Contracting space for opposing speech in South East Asia and restrictions on the online freedom of expression

Alexander Gilder

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The right to freedom of expression has been subjected to limitations in South East Asia with restrictions continuing in Thailand, Vietnam, Indonesia, Singapore, and Malaysia, to name a few. Speech that is critical of governments has been prevented with many instances of journalists, bloggers, activists, and opposition groups being detained and convicted, resulting in contracting space for the press and civil society. Going further, Malaysia, Thailand, and Cambodia have sought to restrict online activities through various means. This state practice report outlines examples of laws enacted in Malaysia and Cambodia and practices in Thailand that impact the online freedom of expression and examines the literature on content moderation and human rights frameworks. The report expounds the risks posed by states who seek to restrict the use of the internet for the freedom of expression and highlights the need for future research to examine the legal frameworks being used by states to limit the online freedom of expression.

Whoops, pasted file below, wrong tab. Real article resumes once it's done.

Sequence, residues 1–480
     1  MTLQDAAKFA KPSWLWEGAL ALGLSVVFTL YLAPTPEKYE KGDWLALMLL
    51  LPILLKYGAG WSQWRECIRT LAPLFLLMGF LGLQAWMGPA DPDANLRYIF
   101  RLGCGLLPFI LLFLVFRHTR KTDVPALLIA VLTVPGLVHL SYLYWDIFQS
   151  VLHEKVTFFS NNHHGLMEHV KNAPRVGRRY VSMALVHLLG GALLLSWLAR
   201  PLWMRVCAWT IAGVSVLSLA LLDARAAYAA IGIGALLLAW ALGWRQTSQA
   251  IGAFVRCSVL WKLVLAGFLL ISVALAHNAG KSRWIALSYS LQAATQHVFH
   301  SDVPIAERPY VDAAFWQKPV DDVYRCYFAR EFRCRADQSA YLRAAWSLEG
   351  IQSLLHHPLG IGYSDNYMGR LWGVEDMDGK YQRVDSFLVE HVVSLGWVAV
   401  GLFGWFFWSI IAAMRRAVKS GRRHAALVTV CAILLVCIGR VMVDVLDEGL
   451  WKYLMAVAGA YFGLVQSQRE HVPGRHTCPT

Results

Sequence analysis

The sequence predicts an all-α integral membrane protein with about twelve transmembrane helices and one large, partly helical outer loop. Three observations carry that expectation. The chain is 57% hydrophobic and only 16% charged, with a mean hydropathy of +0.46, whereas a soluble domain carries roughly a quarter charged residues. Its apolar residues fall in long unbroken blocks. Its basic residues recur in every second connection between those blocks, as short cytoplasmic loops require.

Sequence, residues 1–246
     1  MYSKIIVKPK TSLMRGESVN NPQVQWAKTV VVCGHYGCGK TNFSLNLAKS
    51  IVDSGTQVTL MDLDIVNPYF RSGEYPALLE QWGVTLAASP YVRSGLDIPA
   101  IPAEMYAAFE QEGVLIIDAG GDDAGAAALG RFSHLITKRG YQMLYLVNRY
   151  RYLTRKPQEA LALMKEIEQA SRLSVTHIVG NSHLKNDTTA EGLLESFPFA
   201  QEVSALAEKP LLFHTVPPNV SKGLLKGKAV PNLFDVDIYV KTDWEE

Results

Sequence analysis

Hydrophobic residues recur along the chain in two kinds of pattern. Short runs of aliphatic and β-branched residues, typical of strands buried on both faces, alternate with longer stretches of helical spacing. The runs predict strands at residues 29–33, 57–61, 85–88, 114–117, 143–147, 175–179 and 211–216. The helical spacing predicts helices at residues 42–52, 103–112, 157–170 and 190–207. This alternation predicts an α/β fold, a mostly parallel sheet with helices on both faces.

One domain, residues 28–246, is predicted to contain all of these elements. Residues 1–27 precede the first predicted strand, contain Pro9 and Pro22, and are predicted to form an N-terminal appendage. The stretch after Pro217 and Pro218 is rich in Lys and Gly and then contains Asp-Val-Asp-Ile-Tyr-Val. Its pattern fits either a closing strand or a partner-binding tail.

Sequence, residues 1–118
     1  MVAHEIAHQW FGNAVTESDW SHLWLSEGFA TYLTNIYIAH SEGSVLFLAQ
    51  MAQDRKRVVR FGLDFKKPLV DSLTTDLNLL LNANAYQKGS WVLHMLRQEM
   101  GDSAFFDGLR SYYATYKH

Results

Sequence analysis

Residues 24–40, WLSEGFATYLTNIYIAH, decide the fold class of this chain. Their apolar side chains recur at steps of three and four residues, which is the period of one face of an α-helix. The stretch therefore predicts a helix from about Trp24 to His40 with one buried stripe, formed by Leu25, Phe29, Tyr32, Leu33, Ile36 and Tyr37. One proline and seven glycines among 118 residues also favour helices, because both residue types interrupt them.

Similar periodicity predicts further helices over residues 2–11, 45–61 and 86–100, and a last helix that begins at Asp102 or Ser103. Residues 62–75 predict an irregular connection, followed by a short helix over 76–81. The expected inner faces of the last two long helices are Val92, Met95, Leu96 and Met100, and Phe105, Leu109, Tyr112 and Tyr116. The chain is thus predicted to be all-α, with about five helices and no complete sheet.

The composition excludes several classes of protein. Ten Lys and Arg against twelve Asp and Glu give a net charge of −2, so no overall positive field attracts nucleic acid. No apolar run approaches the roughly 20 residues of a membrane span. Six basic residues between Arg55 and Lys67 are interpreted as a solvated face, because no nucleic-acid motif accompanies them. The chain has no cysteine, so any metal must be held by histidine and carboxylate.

Original languageEnglish
Number of pages19
JournalAsian Yearbook of Human Rights and Humanitarian Law
Publication statusSubmitted - 15 Oct 2021

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